Live at Stockton Weekender, Stockton-on-Tees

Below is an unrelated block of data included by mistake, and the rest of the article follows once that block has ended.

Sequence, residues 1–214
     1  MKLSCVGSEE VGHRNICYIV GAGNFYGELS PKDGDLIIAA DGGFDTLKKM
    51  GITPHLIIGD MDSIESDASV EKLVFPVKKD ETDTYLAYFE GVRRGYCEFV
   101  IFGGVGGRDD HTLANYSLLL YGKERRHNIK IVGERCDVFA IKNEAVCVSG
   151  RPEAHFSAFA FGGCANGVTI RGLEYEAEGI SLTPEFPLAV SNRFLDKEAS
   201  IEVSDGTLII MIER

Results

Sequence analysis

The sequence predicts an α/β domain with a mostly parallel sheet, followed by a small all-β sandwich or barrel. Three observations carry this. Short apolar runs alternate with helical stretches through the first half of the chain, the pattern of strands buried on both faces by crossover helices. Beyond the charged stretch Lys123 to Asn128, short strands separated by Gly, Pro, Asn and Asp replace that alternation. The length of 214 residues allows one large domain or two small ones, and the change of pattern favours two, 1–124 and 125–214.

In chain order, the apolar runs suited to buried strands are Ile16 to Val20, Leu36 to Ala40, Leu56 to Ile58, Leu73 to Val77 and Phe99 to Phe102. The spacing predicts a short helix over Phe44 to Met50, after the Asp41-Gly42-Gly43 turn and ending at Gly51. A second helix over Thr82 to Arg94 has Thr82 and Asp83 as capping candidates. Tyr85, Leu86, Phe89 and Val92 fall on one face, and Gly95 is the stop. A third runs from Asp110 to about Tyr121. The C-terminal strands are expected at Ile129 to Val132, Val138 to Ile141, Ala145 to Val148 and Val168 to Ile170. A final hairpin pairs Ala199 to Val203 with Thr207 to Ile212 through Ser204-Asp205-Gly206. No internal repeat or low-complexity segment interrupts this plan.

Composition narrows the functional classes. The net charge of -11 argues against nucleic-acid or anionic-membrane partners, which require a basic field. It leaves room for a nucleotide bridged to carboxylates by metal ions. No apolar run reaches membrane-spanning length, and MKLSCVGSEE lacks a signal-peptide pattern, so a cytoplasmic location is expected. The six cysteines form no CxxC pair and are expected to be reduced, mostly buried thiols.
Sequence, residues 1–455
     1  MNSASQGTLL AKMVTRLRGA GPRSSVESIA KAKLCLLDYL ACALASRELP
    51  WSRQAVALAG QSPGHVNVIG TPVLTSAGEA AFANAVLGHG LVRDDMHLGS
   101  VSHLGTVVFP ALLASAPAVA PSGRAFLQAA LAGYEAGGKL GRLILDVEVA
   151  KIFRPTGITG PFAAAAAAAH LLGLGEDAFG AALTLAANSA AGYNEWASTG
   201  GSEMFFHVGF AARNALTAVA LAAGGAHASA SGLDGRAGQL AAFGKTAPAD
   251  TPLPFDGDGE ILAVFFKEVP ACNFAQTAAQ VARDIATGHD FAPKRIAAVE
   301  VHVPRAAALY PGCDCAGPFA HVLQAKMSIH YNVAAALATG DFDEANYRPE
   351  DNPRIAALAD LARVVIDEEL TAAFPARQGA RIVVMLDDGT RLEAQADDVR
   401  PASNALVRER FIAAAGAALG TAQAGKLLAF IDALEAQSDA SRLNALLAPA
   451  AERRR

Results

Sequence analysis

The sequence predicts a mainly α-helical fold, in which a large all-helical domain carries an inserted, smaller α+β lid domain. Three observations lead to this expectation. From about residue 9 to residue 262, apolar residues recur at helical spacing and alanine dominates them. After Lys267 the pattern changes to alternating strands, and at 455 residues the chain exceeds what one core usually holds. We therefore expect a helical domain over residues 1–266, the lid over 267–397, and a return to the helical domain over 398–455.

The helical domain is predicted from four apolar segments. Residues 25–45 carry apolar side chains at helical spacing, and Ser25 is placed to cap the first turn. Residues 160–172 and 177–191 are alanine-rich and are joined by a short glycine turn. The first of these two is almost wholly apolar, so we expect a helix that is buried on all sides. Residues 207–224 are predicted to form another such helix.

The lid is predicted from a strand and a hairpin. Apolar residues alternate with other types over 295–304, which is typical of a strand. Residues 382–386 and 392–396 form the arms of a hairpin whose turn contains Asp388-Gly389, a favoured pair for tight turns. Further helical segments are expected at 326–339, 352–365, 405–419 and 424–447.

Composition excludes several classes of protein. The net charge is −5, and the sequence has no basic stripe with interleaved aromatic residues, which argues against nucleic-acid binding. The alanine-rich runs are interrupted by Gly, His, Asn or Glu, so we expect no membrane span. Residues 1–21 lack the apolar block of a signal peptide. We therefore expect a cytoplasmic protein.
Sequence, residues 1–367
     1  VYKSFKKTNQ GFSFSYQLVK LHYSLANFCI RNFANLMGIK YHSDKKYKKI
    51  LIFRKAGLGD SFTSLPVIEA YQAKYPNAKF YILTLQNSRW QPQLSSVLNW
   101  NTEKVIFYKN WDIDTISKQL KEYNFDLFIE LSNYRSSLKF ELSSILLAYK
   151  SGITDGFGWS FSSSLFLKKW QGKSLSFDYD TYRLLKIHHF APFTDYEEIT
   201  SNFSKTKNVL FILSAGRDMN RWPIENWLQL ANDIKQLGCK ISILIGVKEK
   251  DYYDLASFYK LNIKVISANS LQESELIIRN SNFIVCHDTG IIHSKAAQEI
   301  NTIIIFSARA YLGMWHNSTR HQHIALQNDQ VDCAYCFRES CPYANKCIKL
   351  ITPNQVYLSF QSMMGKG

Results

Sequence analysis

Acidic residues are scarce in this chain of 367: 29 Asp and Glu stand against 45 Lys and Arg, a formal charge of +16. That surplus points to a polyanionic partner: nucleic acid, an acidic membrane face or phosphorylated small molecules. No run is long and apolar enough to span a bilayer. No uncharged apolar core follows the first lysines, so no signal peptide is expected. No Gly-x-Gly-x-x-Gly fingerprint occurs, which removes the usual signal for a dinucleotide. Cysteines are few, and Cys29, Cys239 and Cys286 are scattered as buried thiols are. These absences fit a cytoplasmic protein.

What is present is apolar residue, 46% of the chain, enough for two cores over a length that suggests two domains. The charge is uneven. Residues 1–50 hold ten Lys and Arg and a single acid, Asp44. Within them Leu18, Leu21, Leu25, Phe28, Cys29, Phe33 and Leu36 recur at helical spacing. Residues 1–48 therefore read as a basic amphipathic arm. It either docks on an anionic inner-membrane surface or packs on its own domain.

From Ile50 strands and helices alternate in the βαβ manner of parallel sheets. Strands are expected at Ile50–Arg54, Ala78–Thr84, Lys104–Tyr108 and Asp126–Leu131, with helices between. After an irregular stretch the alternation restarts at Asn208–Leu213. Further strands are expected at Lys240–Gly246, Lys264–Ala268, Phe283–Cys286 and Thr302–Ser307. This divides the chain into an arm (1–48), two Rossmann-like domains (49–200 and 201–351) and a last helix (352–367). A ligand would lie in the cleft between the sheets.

It may be a surprise to some people, but there are good things happening in Stockton-on-Tees. They have the best record shop in the world (Sound It Out), they have SIRF, they have the Georgian Theatre and at the end of July they have Stockton Weekender. Rising from the ashes of the free, council funded Stockton Fringe, the new festival has managed to survive for 4 years now against the odds, where many similar ventures have sadly crumbled away. The odds have been lowered partly due to their knack of bringing in a good mix of popular acts, critical darlings and upcoming local talent. Over the past few years they've had Seasick Steve, The Pogues, James, Primal Scream, Spiritualized, Dexys, We Are Scientists, Willy Mason, Frankie and The Heartstrings, The Chapman Family and loads of other in between. I should also add that my weekend ticket cost £35. A snip! This year Stockton was punching above its weight yet again. Public Enemy? In Teesside? Who could resist. First off though, Saturday. Hyde and Beast came down the road from Sunderland and eased the crowd in with their usual laid back stomp, it was blisteringly hot on the riverside at this point and the band were a perfect fit. Playing songs from their soon to be unleashed second album, Keep Moving, they proved that they are much more than just the sum of their parts. Martha Reeves and the Vandellas was another surprising inclusion on the bill, the Motown legends came on suitably to "Heatwave" and never really let their foot off the gas, which is testament to their 73 year old singer. This was no James Brown or Brian Wilson scenario where their talented backing bands do most of the work, Martha was energetic, if understandably breathless, throughout. When you've got "Jimmy Mac", "Nowhere To Run" and "Dancing In The Street" in your cannon you can't really go wrong. Chris Helme came on and gave the crowd a further sing-along session, warming them up for his mates Shed Seven who rattled through their hits with their usual youthful aplomb. I liked the fact that they'd employed a 3 piece brass section for the show, perhaps proving that they aren't simply going through the motions. "On Standby" and "The Devil In Your Shoes" still sound great and there was a surprise rendition of "High Hopes" which included a guest spot from Chris Helme. I'm not quite sure why they felt the need to include a cover of "Born To Run" though...maybe they were just getting their money's worth from the brass dudes. Happy Mondays topped the bill on a nostalgic day, and they were in top form. Ryder constantly ribbing Bez over his political ambitions, and the inclusion of obscurities like "Performance" alongside the tried and tested hits of "Loose Fit", "Hallelujah" and "24 Hour Party People" gave the crowd not choice but to dance. The dancing carried on for everyone who went to the festival's amazing silent disco (outside and inside) The Georgian Theatre. Then it pissed down. Sunday was a little more subdued, but that was probably for the best. The wonderful By Toutatis stole the afternoon which their dark but playful tales of death, hangings and general intellectual historical things. I still see this band as kind of folksy, but with baritone vocals, ominous thumping drums, rackety guitar and a ghostly sweeping violin, I'm not quite sure why. The ominous feelings continued for me as I awaited Peter Hook and The Light. I love Joy Division and I love New Order but I just can't see the point of this project (except for the obvious "make a bit of cash for Peter" theory), isn't it just a glorified tribute band? Turns out it was actually OK. Hooky's voice (a bit like Tom Waits) certainly suits the Joy Division stuff best, but with a raw and talented backing band it made for a decent afternoon soundtrack. Another blast from the not too distant past, Reverend and The Makers drew a surprisingly huge and appreciative crowd. Their front man Jon McClure is obviously a born ring master, whipping the crowd up into a bit of an early evening frenzy. It seems there's still life in the relatively youthful dogs yet. After a frantic and energising warm-up courtesy of The Amazing Snakeheads the stage was set for the main event of the night, Public Enemy. Chuck D, Flavor Flav, DJ Lord et al were a cut above the rest of the bill, bringing the cool to Stockton Weekender. The hits were plentiful, "911 Is A Joke" was a personal highlight and recent single "Harder Than You Think" eclipses much of their classic output in terms of sheer joyfulness. Towards the end of the set Flavor Flav himself wondered all the way into the middle of the crowd, "clocked" my 11 month old daughter and gave her a kiss on the cheek. It would be hard to think of a better or more unexpected end to the festival. Top marks Stockton. Top marks Public Enemy.